This weekend, I shared how to setup a query to find all untagged posts in WordPress that aren’t tagged with a specific tag. In my example, I opted to use IDs (for no particular reason), but Ross also showed how you can use slugs, as well.
Anyway, there are a number of things that you can do with untagged posts – perhaps you want to remove them, perhaps you want to categorize them, or perhaps you want to apply a tag to them so that they’re stamped with a tag (like one that was not
Tagging Untagged Posts and CPTs
This is a relatively straightforward process, but there are a couple things to note if you find yourself doing this.
First, note that the Codex states the following:
For hierarchical terms (such as categories), you must always pass the id rather than the term name to avoid confusion where there may be another child with the same name.
Secondly, note that the function that’s being used depends on the post type. That is, there is a way to tag the standard post type, then there’s a way to tag a custom post type.
Tagging a Post
The Codex also has a small note about this function as it relates to custom post types:
This function will only work on the native post type. For a taxonomy on a custom post type use wp_set_object_terms().
Make sure to read the code comment: this assumes that that the function in the previous post hasn’t changed.
Tagging a Custom Post Type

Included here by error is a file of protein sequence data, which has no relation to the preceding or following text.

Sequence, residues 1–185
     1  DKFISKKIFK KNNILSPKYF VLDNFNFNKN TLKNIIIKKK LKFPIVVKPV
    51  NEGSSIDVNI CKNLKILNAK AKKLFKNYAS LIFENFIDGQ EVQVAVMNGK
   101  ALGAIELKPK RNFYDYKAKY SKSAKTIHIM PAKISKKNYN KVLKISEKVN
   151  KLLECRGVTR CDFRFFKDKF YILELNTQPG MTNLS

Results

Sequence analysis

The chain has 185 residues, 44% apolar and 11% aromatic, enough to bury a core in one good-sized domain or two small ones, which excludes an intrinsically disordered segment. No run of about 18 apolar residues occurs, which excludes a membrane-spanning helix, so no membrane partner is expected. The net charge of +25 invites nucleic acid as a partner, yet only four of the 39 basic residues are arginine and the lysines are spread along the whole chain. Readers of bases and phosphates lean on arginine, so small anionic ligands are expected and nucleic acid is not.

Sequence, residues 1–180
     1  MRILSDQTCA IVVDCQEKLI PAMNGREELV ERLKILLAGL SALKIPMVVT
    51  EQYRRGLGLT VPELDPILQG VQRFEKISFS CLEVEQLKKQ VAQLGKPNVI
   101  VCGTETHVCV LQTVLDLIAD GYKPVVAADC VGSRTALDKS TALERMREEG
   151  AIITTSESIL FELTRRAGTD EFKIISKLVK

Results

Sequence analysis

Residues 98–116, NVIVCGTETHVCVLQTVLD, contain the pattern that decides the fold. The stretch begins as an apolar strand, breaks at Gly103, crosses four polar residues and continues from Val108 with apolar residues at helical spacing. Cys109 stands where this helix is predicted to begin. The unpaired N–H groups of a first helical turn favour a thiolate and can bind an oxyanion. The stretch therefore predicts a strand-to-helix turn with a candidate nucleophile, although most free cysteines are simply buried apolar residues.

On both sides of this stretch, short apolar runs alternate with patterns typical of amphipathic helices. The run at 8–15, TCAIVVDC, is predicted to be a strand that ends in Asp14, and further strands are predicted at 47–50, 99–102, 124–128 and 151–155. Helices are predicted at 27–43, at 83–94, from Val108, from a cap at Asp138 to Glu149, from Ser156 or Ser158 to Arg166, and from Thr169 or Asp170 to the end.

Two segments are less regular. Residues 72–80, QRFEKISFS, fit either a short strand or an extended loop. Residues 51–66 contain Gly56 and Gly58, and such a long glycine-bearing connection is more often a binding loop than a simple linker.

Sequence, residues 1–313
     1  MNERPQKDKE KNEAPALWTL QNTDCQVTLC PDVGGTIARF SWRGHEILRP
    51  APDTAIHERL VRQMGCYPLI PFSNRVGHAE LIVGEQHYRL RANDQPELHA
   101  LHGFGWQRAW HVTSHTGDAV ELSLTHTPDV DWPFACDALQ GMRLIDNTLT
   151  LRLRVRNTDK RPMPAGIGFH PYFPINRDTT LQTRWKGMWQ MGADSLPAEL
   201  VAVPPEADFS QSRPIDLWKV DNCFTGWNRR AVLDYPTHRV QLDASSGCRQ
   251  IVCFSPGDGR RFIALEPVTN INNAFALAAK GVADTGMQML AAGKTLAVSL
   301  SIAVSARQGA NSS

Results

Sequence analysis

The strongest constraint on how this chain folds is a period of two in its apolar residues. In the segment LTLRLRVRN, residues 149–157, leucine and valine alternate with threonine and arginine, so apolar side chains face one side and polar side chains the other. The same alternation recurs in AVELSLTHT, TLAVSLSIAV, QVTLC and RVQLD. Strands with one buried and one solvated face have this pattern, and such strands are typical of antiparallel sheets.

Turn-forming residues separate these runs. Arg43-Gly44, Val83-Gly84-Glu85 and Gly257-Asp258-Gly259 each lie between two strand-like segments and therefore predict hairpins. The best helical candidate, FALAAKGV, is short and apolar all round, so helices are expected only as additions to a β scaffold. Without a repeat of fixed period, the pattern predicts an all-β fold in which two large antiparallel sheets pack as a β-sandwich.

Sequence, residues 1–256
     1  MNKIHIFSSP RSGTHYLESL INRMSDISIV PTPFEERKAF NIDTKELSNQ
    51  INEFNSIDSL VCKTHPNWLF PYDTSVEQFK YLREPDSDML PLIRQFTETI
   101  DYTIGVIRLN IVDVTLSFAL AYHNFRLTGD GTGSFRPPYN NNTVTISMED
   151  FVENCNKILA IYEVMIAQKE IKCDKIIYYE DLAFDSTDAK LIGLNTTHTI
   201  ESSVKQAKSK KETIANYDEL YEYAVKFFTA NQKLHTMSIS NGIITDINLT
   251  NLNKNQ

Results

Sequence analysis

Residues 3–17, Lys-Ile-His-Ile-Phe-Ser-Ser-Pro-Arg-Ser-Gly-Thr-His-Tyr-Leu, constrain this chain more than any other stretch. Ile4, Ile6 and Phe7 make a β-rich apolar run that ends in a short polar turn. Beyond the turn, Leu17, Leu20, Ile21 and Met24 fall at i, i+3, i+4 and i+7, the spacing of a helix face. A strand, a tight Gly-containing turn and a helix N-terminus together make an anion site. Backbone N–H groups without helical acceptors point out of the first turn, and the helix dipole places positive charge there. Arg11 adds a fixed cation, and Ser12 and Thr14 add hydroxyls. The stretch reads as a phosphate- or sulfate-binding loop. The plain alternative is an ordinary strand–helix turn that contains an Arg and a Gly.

If you want to do the same thing for a custom post type, there’s very little that needs to be changed. Note that the query that’s defined in the previous post must have a different
post_type parameter than
In this case, it would correspond to the name of a custom post type.
Secondly (and as mentioned above), in this case, the function that needs to be used is
wp_set_object_terms. This works much in the same way that
Note that in this function there is an optional
$append argument that can be passed. In the case below, I’ve set it up such that it will append a tag – after all, the ID is that we’re finding untagged posts – but if you end up query for information that already has a tag, but perhaps not a specific tag, then you may want to add this tag to those that already exists.
That’s what this code does:
For the most part, there’s very little difference save for the name of the function, the optional final argument, and how the query is constructed.
Improving the Initial Function
Perhaps the best thing to do would be to generalize the initial function so that the post type that’s being queried is passed as an argument to the function. That way, it’s flexible enough to query for whatever custom post type is defined.
Regardless, that’s straightforward enough, and the function calls that are demonstrated above still stand as-is.